So I'm taking part in the A to Z Blog Challenge, though granted, I'm starting a bit late. It just seemed like a really neat thing to do.
Thus, today's letter is B and the word is Bish.
When people first meet me there can be one of several reactions.
"You're name is what?" As in they are shocked because they think they heard the word bitch.
"How is that spelled?" As in they think they heard the word bitch and they want to hear how it's spelled to make sure they didn't hear what they thought they heard.
To which I reply: It' s Bish, with a b, like dish or fish.
It's interesting to note that as a child, even into my twenties, my name was never associated with the b-word. It wasn't until the '80s that people started to question what they had heard.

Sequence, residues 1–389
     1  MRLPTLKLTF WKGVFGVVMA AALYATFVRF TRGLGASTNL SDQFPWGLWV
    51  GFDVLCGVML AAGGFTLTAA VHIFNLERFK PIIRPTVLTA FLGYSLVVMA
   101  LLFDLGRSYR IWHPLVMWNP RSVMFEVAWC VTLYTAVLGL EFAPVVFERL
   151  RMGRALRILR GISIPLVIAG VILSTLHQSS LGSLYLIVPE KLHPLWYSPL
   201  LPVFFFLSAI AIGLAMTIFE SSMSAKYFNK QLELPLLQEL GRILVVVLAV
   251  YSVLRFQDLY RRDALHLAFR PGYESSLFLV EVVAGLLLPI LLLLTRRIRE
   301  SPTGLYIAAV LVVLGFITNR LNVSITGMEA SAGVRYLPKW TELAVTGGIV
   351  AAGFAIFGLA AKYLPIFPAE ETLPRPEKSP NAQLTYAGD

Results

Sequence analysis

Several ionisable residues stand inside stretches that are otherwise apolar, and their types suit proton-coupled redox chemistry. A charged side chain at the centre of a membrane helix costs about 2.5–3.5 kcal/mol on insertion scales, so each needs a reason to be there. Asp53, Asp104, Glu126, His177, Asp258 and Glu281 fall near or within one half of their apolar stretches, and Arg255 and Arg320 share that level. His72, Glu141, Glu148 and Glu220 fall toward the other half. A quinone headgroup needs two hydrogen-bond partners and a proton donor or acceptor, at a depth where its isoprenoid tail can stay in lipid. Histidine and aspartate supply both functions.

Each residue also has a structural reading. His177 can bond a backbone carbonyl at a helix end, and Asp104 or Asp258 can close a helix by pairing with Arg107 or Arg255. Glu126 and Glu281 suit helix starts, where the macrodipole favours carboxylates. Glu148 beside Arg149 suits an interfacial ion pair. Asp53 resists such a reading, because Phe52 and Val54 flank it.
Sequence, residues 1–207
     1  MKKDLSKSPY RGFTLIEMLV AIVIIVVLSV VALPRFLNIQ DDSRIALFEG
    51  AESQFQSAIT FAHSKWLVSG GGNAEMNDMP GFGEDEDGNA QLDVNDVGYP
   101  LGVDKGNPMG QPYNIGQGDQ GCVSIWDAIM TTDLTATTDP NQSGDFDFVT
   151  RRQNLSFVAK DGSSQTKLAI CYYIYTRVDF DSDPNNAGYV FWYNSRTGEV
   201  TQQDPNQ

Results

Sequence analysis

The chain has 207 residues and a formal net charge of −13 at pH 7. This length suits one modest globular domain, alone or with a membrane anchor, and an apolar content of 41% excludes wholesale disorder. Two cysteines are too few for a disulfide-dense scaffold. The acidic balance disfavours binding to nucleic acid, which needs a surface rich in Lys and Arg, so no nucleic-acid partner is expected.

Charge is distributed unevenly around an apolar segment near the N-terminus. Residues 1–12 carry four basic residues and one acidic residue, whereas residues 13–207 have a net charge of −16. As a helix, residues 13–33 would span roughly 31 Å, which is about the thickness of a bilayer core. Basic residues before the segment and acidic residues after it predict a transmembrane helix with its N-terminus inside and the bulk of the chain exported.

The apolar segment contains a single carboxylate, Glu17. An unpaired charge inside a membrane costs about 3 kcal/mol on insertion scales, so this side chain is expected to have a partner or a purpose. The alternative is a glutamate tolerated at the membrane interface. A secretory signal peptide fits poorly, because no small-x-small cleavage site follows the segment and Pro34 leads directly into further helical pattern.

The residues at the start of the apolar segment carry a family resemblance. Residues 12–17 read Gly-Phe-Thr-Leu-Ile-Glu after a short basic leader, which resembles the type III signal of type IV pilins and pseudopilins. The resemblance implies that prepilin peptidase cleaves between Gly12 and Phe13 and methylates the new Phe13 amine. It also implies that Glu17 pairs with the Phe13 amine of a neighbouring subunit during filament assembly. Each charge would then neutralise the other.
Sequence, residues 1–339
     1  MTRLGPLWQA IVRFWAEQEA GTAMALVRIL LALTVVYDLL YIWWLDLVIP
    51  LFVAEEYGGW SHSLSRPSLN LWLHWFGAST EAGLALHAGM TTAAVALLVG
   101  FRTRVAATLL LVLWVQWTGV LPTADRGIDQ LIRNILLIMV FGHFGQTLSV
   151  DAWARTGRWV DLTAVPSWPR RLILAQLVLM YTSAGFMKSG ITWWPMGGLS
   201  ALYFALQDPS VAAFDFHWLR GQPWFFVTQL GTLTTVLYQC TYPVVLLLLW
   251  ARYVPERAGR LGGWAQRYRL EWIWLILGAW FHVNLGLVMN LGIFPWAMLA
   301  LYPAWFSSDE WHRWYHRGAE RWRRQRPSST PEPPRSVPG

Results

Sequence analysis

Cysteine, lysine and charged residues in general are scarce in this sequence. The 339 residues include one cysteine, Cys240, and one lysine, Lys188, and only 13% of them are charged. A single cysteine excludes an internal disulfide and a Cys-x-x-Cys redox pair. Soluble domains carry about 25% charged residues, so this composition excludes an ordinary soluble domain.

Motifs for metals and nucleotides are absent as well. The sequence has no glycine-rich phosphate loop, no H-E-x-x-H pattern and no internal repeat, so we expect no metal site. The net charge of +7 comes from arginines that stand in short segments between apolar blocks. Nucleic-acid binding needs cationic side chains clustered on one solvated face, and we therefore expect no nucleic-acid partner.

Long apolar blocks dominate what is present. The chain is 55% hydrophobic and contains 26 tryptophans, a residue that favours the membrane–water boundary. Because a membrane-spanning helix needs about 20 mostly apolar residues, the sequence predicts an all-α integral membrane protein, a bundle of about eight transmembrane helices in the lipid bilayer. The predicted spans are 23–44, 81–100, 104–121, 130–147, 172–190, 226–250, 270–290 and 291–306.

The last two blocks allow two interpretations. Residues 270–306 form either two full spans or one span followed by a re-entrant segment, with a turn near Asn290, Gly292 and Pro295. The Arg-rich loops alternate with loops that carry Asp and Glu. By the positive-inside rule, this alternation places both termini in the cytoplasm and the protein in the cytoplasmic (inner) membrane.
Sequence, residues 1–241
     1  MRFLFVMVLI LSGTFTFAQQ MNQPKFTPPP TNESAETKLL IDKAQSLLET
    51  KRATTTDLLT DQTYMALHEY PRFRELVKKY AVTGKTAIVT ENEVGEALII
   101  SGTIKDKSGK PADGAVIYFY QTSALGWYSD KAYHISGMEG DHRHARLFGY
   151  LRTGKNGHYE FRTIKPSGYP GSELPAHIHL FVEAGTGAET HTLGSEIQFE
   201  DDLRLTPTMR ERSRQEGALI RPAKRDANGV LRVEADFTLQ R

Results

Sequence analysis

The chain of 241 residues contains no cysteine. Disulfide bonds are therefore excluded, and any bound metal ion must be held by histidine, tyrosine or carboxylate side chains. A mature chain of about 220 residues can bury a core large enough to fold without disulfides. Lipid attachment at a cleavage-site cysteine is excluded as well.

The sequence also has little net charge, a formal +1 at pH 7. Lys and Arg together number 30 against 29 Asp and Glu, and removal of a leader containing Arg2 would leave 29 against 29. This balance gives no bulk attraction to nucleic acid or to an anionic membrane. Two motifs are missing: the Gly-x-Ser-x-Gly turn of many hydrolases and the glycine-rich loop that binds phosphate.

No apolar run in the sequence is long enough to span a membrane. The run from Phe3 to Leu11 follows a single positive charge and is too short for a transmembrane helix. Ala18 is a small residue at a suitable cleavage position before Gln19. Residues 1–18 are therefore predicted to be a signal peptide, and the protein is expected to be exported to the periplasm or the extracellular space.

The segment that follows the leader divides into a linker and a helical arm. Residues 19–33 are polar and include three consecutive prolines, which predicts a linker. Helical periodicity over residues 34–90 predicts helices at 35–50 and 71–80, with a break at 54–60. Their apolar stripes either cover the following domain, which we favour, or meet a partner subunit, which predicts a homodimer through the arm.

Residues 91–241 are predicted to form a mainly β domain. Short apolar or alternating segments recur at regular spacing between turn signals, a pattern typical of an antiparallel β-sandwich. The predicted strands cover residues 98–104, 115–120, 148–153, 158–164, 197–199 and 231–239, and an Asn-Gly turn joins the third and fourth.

Then there's: "Is that short for Bishop?" Absolutely not! Though I do seem to recall an Elvin Bishop album that had BISH splashed across the front.
"That's an unusual (pretty, beautiful) name. Is it foreign? Does it mean something?" I don't know. Over the years I've run across the syllable in Middle Eastern countries, such as Bishkek, the capital of Kyrgyzstan where there's been a civilian revolt. Someone once told me it means "welcome" but I can't remember in which language.
My Puerto Rican family and friends of Hispanic origin tend to call me Beech, because in Spanish the "i" is pronounce as a long "e" and the "sh" sound is well, like a soft "ch."
"Is it a nickname? Short for something?" No.
So just exactly where/how did I get the name Bish? This is a true story.
Unlike most babies whose first sounds are la-la or ma-ma or da-da my first syllabic out-flow was, "Bishbishbishbishbishbishbish." According to my parents I would lie around in my crib making the noise for hours. They thought it was cute. They thought I'd outgrow it. Obviously I didn't.
At six months I was already being called Bish.